There were a handful of small soft slab avalanches triggered yesterday. These were relegated to steep rocky zones, ridgelines and rollovers. In the photo below you can see several crowns on the ridge as well as the rollovers around the sun/shade line. Today’s concerns mirror those of yesterday. Though the slab continues to weaken with the cold weather, there are likely still pockets where someone could kick off a slab. These areas are most pronounced in the steep rocky zones and on steep convex rollovers.
Photo: Tincan soft slabs (SW facing ~3,300′)
The weekend’s storm that deposited 14-18+” of very low density snow has been settling quickly – around 6″ in fact. This has helped the snow become more cohesive and hence the slab avalanche activity we have seen over the past couple days. However, counteracting this is the cold and clear weather which is loosening the snow surface and weakening the slab. For anyone headed out today, the majority of the snow surface should feel loose and unconsolidated but keep a close eye for any areas with denser snow.
The snowpack in general has some significant concerns within it for our next load, possibly Wednesday night. Under the new snow is the December drizzle crust which caps a very weak layer of facets. We had reports yesterday of collapsing under the crust in the faceted layer. How will this weak snow/crust/facet combo react as snow continues to pile up is the big question and something we are watching closely.
The cold northerly wind has picked up slightly this morning and is expected to level off in the 15mph range through the day. This should be enough to create soft wind slabs out of the light snow sitting on the surface. Though much of the terrain could remain wind free today, I’d expect there will be some areas the wind will move snow around, most likely on the higher peaks and ridges.
Cold arctic air continues to spill over us from the north. Temperatures have stalled out in the minus single digits to single digits during the past 24 hours. Summit Lake is reading -17F this morning, burr. Wind that has been calm is just starting to bump up with averages in the 10mph range from the North.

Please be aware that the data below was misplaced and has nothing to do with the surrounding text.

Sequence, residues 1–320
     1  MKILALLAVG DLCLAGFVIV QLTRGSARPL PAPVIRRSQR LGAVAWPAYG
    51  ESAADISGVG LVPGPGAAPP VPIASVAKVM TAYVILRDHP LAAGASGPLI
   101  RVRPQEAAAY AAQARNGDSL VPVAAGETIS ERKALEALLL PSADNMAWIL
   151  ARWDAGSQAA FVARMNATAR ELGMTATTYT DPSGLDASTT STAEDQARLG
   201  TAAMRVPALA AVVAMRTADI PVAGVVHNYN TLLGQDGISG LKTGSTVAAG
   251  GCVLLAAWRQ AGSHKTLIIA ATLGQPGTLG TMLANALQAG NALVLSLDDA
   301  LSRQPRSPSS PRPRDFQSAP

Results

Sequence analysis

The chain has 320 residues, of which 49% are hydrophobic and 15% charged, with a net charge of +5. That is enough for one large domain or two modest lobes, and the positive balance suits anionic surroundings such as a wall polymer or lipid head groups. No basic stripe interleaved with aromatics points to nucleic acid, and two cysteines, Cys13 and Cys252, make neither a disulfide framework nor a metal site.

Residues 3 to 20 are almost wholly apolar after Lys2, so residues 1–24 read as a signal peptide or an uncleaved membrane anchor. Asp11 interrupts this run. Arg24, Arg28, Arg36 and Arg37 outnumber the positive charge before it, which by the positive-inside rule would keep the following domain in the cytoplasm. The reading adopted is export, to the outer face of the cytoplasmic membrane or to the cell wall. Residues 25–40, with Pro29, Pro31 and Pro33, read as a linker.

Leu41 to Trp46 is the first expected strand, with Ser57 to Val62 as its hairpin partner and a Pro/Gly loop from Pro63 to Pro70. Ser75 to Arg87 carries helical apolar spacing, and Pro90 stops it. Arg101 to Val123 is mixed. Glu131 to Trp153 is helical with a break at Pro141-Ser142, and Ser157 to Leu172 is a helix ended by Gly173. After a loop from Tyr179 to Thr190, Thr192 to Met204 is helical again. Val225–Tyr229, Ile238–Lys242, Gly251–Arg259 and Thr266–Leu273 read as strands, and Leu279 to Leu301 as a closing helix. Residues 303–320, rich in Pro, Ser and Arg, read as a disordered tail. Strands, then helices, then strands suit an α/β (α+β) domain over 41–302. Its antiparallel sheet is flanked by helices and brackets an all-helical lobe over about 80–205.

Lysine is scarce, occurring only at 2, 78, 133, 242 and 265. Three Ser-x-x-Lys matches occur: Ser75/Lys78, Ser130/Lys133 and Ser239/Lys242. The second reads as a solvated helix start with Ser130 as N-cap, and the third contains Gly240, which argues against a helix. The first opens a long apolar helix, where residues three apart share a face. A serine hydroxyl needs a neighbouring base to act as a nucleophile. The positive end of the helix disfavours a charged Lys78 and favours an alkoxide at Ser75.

Today, we will remain in the cold north flow with clear skies and single digit temperatures. The only change from yesterday will be the wind which is expected to increase slightly, averaging 15mph with gusts in the 20’s from the North.
Another round of snowfall is looking promising for Wednesday night into Thursday. Models are showing around .8″ of water (~8-10″ snow). Temperatures should remain plenty cold for snow to sea level. Stay tuned.
|05/06/20||Turnagain||Avalanche: Pastoral Peak, north face||Andy Duenow|
|04/10/20||Turnagain||Avalanche: Wolverine||Mike Records|
|04/10/20||Turnagain||Observation: Eddies lookers right shoulder||Matt Yoder|
|04/09/20||Turnagain||Observation: Bench Peak||Mike Records|
|04/04/20||Turnagain||Observation: Pete’s North||Anonymous|
|03/26/20||Turnagain||Avalanche: Tincan – Proper (SW facing)||CNFAIC Staff|
|03/26/20||Turnagain||Avalanche: Seattle Ridge||W Wagner Forecaster|
|03/25/20||Turnagain||Avalanche: Sunburst Uptrack @ 2000′||J. Boisvert|
|03/24/20||Turnagain||Observation: Turnagain – Road Observations||W Wagner Forecaster|
Status of riding areas across the Chugach NF is managed by the Glacier and Seward Ranger Districts, not avalanche center staff. Riding area information is posted as a public service to our users and updated based on snow depth and snow density to prevent resource damage at trailhead locations. Riding area questions contact: firstname.lastname@example.org
|Area||Status||Weather & Riding Conditions|
This is a general backcountry avalanche advisory issued for Turnagain Arm with Turnagain Pass as the core advisory area. This advisory does not apply to highways, railroads or operating ski areas.